Here are some of the regulatory developments of significance to broadcasters from the past week, with links to where you can find more information as to how these actions may affect your operations.

  • The debate over the AM for Every Vehicle Act intensified this week, with the Wall Street Journal’s Editorial Board publishing an article

With broadcasters and those in associated industries ready to make their annual pilgrimage to Las Vegas for the NAB Convention, the Wall Street Journal decided to weigh in on an issue important to many radio broadcasters – the future of AM in the car.  One of the priorities for many AM broadcasters in the last year has been to push for legislation to require that automobile manufacturers retain AM radio in the car dashboard to stem what many see as a trend toward removing AM (and potentially other free over-the-air radio options) from the car and replacing it with other entertainment options.  The concerns of broadcasters have led to the introduction in Congress of the AM in Every Vehicle Act, which proposes to mandate that AM be required as a safety feature in all cars until it is determined that there is another, free, ubiquitous option to deliver emergency alerts to drivers.  See our articles here and here for more on the Act.

While this Act has garnered much support on Capitol Hill, there has been a concern among some legislators about requiring mandates on a car industry, particularly for a technology that many see as outdated and in decline (see the declining numbers of AM stations we noted in our last weekly update on regulatory news for broadcasters, citing the FCC’s latest report on the number of broadcast stations in the country).  The Journal Editorial Board article takes that same position, almost treating the attempts to keep AM radio in cars as a joke, arguing that it imposes additional unnecessary costs on car makers – costs that will be borne by all car buyers, even those who don’t need or use AM radio.  The article suggests that the emergency communications function is unnecessary as there are other alternatives to receive emergency alerts even in rural areas of the country.  The article asks if mandating AM in the home is next, and suggests that, without a mandate, car makers could use AM as a competitive feature to attract consumers to brands that maintain these radios in the car.Continue Reading On the Eve of the NAB Convention, Wall Street Journal Editorial Board Article Opposes AM in Every Vehicle Act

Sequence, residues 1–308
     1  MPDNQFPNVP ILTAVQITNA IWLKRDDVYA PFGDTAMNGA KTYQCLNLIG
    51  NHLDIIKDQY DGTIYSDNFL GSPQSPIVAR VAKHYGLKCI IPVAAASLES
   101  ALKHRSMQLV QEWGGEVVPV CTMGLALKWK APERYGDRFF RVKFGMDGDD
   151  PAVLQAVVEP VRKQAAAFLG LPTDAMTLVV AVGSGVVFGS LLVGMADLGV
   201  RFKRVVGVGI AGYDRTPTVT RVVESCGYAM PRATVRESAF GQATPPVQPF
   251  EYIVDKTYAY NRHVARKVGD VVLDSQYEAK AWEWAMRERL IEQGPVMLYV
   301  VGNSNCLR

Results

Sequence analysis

Here are some of the regulatory developments of significance to broadcasters from the past week, with links to where you can go to find more information as to how these actions may affect your operations.

  • Congress passed, and the President signed, a continuing resolution to extend funding for the Federal government, including the FCC, averting

Here are some of the regulatory developments of significance to broadcasters from the past week, with links to where you can go to find more information as to how these actions may affect your operations.

  • The FCC announced the circulation for Commissioner review and approval of two decisions of interest to broadcasters, signifying that we

Here are some of the regulatory developments of significance to broadcasters from the past week, with links to where you can go to find more information as to how these actions may affect your operations.

  • President Biden signed a Continuing Resolution passed by Congress averting a federal government shutdown that was to begin on January

Here are some of the regulatory developments of significance to broadcasters from the past two weeks, with links to where you can go to find more information as to how these actions may affect your operations.

  • The AM for Every Vehicle Act was scheduled for a US Senate vote this week through an expedited process

Here are some of the regulatory developments of significance to broadcasters from the past week, with links to where you can go to find more information as to how these actions may affect your operations.

  • The FCC has until December 27th to comply with a court order requiring the agency to conclude its still-pending

Here are some of the regulatory developments of significance to broadcasters from the past week, with links to where you can go to find more information as to how these actions may affect your operations.

  • On July 28, the United States Court of Appeals for the District of Columbia Circuit issued an opinion rejecting appeals

Here are some of the regulatory developments of significance to broadcasters from the past week, with links to where you can go to find more information as to how these actions may affect your operations.

  • Chairwoman Rosenworcel announced that the FCC, at its open meeting on July 20, intends to allow 13 “Franken FM” or

Here are some of the regulatory developments of significance to broadcasters from the past week, with links to where you can go to find more information as to how these actions may affect your operations.

  • On Tuesday, the Communications and Technology Subcommittee of the House Committee on Energy and Commerce held a hearing, “Listen Here: